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Can Women “Bulk Up?”

Let’s just get this out of the way right now–under no natural circumstances can a drug-free woman EVER look like this:

Bodybuilder Jay Cutler

So the idea that any woman will blow up the point of looking like a man is truly absurd–especially considering even MEN have a hard time putting on legitimate muscle, and women naturally don’t have the same muscle-building hormonal profile.
So the question is not whether or not women “bulk up,” but more aptly, Can a woman put on muscle and as a result appear larger?
The answer is yes.
But it is not because somehow her hormones masculinize and she morphs into The Hulk. It’s simply because when you add muscle without regard to simultaneously losing fat, you will appear larger. This is like putting on a jacket over two sweaters–if you don’t burn fat, your muscle won’t “pop” as readily, and you may appear larger.
The math:
Fat + Bone = skinny fat
Excess Fat = overweight or overfat
Excess Fat + Muscle = a more fit look, but can still appear bulky
So the key lies in being able to lose fat while also building lean muscle. This distinction is often the difference between a “toned” look and a “bulky” look–how much muscle you can actually see. The less fat, the more cuts and definition will show.
And burning fat comes down to nutrition, mostly.
When you eat excessive carbs, especially of the high sweet variety, not only will you put on muscle like a champ (yay), but you’ll put on fat too, and retain water (insulin causes water retention at the level of the kidney). This is a more “puffy” look–or like a competitor might look in her off-season. There’s certainly visible muscle, but with a little coat of fat and water on top.
And so, to maintain a fairly lean look and have visible muscle tone, it’s advisable to follow a higher protein and high vegetable/greens diet (minerals also help maintain an favorable electrolyte balance so you don’t retain water). Use carbs strategically–earlier in the day and post-workout only. Eat enough so that you are building lean muscle, but not too much that there’s spillover into fat storage. I recommend finding your Carb Tipping Point, via Metabolic Effect.
Hormones are an important consideration too.
There’s also a strong hormonal component that I won’t get into too much here, but the bottom line is that some people are more sensitive to insulin than others and will naturally stay leaner and more “cut.” Those who are operating in a higher cortisol state may appear more puffy, and those with a more PCOS-type profile will also have a harder time looking more defined.
The hormonal component is an interplay between insulin, cortisol, estrogen, progesterone and catecholamines. And each person’s relative hormonal levels are unique to them. For example, if you are naturally more puffy, you might need to get more strategic with your eating frequency and monitor carbs more closely. A lot of this is trial and error. Try something for 4-6 weeks and monitor progress.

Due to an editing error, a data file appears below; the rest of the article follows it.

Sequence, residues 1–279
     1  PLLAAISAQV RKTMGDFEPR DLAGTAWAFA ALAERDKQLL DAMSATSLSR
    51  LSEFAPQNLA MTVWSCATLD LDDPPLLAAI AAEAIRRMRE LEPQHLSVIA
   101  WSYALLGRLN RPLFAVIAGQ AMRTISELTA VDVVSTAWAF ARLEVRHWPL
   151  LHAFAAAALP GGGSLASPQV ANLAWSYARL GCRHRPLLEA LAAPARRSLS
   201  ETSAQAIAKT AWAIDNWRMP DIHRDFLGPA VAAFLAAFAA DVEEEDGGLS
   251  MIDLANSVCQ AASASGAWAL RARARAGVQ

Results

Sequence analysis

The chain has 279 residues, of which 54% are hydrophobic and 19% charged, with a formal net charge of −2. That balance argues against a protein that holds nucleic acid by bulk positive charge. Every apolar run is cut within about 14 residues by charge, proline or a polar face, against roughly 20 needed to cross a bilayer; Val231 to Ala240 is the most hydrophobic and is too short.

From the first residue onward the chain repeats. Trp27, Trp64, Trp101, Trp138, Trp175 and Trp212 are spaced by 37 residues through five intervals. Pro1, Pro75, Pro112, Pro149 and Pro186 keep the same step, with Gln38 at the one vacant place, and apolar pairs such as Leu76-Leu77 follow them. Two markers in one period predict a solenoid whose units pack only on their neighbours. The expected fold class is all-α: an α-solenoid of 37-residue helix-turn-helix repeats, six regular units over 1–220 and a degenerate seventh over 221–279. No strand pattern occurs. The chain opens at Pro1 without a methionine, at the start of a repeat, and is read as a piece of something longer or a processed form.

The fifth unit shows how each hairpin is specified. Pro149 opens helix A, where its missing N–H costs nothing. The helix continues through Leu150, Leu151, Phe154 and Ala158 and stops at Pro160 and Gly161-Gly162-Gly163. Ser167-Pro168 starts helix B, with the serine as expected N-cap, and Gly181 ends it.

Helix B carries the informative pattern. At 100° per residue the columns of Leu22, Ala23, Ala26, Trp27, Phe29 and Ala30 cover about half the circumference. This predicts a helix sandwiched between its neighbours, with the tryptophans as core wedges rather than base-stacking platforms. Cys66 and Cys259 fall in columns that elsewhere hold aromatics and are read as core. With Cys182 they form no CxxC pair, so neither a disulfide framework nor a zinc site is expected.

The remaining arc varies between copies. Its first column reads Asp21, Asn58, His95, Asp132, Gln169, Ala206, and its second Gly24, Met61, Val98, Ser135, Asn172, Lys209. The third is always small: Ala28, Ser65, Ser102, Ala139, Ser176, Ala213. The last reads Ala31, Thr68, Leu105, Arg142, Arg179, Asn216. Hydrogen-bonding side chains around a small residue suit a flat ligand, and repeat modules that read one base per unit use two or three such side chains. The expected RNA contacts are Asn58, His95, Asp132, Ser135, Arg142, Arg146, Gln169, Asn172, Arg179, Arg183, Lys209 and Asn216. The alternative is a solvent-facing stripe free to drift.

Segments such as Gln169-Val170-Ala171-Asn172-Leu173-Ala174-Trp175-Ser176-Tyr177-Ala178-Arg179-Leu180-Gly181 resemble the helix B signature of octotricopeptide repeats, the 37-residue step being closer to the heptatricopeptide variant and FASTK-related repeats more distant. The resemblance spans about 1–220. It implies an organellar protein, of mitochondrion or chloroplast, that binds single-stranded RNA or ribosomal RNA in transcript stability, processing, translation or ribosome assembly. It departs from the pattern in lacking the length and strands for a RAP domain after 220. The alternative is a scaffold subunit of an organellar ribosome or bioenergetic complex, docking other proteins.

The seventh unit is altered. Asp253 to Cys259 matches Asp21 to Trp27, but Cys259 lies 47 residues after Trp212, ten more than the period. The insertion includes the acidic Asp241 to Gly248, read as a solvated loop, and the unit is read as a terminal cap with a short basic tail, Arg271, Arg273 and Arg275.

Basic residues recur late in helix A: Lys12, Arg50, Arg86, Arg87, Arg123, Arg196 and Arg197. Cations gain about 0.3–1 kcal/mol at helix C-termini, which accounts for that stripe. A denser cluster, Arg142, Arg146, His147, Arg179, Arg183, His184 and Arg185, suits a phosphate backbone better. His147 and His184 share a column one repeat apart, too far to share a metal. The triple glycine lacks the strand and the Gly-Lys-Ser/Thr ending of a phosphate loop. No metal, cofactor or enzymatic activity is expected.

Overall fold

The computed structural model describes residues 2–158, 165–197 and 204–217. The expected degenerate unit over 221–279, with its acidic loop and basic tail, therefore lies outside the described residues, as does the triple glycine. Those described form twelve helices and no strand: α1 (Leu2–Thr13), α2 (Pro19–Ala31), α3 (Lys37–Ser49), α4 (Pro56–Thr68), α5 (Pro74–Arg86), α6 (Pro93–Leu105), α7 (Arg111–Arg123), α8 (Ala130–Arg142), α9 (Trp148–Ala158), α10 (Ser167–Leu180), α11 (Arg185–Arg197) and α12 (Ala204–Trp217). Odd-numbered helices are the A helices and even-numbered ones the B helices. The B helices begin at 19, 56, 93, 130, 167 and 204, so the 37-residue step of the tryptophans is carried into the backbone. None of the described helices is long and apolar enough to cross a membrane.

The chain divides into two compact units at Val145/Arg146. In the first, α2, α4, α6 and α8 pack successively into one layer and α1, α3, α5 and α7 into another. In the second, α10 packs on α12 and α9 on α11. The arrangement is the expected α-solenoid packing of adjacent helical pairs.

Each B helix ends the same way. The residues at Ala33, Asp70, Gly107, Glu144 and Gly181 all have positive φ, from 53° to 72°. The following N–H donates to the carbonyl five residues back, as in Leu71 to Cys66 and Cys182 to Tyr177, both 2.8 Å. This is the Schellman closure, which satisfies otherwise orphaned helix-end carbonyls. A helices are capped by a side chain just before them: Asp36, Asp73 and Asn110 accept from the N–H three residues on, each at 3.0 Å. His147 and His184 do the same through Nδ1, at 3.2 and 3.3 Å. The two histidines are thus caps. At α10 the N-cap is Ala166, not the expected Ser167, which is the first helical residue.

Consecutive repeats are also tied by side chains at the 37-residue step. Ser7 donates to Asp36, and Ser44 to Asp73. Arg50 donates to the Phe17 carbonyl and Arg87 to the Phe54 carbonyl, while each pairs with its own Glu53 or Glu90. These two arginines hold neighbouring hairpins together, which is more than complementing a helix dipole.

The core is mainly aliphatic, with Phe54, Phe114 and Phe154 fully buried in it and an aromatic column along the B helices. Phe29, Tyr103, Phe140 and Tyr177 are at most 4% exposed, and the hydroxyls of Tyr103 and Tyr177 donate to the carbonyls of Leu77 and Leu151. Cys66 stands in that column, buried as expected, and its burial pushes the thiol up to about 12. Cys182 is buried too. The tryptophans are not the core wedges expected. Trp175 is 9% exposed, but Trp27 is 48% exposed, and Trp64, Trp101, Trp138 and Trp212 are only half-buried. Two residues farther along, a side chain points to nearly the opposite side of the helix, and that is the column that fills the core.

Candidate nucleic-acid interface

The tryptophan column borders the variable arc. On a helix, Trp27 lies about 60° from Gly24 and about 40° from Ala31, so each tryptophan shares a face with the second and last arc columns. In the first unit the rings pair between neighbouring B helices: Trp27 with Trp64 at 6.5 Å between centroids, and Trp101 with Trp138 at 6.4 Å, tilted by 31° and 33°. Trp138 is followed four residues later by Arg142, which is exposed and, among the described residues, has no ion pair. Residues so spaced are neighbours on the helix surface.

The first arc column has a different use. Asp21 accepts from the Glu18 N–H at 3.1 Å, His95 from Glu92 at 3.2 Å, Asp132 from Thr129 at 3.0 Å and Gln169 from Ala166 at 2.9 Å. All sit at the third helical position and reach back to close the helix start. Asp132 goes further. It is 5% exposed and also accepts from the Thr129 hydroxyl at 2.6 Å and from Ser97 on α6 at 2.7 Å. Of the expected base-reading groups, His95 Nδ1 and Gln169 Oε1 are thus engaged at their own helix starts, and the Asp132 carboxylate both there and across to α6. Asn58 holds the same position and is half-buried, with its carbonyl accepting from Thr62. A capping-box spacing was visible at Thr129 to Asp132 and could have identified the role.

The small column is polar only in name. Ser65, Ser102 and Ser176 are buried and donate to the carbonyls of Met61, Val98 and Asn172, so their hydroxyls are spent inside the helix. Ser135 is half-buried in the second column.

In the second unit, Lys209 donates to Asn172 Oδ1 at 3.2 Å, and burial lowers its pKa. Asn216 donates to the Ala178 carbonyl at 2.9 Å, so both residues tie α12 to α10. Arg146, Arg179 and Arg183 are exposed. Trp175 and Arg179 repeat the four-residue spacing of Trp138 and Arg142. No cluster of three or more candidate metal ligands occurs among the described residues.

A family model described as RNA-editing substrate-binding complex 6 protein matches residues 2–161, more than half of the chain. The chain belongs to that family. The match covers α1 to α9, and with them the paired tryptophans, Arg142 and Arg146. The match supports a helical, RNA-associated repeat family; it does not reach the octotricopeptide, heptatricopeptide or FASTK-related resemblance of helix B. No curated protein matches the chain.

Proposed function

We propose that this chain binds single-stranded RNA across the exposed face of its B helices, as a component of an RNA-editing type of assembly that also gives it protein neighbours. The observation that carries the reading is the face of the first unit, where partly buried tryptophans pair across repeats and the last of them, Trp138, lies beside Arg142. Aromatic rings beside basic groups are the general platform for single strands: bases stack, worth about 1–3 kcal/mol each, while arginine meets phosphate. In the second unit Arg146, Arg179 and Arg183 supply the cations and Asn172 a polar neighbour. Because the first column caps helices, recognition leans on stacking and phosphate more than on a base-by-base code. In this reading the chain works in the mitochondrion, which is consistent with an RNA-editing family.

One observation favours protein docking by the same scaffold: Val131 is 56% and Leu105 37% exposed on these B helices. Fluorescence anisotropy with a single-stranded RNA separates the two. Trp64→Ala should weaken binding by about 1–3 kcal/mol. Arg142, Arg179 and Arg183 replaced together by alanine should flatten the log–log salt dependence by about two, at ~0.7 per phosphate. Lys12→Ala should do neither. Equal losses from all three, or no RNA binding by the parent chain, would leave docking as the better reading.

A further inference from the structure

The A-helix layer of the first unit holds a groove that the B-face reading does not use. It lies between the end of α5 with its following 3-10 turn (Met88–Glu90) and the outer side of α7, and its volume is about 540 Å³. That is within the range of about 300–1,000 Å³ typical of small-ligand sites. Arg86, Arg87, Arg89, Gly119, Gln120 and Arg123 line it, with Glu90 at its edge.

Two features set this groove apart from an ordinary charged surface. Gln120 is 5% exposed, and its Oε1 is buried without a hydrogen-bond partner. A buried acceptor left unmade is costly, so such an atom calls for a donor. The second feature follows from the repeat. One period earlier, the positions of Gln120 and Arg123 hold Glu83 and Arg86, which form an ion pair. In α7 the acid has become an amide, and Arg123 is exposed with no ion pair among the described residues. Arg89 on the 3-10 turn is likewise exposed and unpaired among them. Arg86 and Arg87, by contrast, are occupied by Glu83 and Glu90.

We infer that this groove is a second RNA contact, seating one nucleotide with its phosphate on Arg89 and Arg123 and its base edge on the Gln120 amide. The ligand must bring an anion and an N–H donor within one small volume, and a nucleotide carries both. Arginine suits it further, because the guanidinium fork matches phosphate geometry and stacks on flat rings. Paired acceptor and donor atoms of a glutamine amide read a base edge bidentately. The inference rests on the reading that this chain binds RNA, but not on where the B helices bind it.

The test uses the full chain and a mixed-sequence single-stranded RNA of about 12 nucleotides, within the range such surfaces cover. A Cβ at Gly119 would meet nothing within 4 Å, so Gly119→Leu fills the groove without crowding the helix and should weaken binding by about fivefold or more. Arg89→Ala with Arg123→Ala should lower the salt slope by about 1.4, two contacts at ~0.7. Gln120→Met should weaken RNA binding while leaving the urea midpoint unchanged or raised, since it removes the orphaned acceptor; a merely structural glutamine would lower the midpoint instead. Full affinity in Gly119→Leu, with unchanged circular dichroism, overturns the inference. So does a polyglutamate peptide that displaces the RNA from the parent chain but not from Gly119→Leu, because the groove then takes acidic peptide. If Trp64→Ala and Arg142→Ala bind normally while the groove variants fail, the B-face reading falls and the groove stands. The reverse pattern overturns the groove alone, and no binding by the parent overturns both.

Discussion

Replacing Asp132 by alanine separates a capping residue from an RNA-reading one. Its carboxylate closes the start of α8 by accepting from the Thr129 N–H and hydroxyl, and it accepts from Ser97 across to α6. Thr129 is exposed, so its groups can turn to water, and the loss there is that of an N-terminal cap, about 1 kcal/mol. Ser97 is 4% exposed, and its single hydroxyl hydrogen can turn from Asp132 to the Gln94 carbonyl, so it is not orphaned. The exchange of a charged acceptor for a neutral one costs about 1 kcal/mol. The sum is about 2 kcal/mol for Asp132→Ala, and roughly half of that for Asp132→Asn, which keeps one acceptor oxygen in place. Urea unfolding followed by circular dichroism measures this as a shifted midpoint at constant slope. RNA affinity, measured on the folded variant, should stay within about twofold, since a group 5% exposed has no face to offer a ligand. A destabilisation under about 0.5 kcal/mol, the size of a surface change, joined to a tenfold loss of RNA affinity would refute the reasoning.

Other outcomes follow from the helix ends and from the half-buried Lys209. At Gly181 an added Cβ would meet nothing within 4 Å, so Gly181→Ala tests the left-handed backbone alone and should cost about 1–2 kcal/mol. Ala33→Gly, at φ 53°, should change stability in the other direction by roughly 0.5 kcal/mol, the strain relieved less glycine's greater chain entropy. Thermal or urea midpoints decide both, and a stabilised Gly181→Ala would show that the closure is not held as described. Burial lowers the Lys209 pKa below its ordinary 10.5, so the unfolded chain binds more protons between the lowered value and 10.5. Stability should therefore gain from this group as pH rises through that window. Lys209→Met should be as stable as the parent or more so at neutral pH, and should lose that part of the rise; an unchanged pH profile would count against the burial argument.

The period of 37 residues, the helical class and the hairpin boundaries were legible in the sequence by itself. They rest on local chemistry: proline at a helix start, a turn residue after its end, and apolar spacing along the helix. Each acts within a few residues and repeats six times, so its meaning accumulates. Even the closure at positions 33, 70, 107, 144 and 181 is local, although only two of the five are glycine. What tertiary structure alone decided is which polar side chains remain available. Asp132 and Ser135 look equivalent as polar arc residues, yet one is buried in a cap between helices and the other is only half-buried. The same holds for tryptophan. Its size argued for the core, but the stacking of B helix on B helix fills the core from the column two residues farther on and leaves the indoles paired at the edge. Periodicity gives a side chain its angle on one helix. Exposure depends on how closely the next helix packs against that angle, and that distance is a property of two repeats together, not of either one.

Photo by MacFoto

You can adjust your training too.
You can also adjust your training to increase its metabolic component so that you are moving more quickly, and getting breathless and burning at times. The key is to train in a way that puts on muscle in the right places via progressive overload, but also eliciting a cardio effect. I prefer Metabolic Physique Conditioning (especially Metabolic Chains) for this. The workouts tend to be shorter, faster, and use a moderate weight.
Contrary to popular belief, building muscle is not all that easy for most.
One last thing to remember is that many women have a really, really hard time building muscle. It’s not as if you lift regularly for a few weeks and turn into a man. The women (usually competitors) who are able to build considerable muscle have been at it consistently FOR YEARS (we actually require our figure competition clients to have been weight training intensely with heavy weights for at least a year before we will take them on).
Putting on considerable muscle takes time, dedication and consistency with heavy weights and proper nutrition. So don’t make the mistake of not lifting because you are scared of your physique drastically changing right under your nose. Not gonna happen.
So should you still try to build muscle? Absolutely, and here are the reasons why:
  • If you don’t have any muscle, there is nothing to “tone”–building muscle is key in being able to bring out more cuts and definition. Fat alone does not have definition.
  • Building muscle boosts your metabolism–this is not a huge amount, but the more muscle you have, the more calories you burn both during exercise and at rest.
  • Building strength increases your stability, functionality and reflexes. Especially for older women, the amount of muscle you have directly impacts your health. Staying active with weights as you age is paramount in maintaining your living independence and ability to react physically in the world.
  • When you don’t have muscle, you only have fat. Which would you rather? :)
  • Physical strength begets mental strength. Something magical happens when you start to see muscle on your frame–it’s almost as if physical accomplishment begins to permeate the rest of your life, and empowers you to take risks and see possibilities in other areas. It’s a huge confidence builder.
  • Muscle is sexy. That is all.
Just remember to pay attention to your nutrition (high protein, high vegetable + strategic carbs) and increase the tempo of your weight training workouts at times. Good luck! ox, Jill

Related: Muscle on Women: An Acquired Taste?

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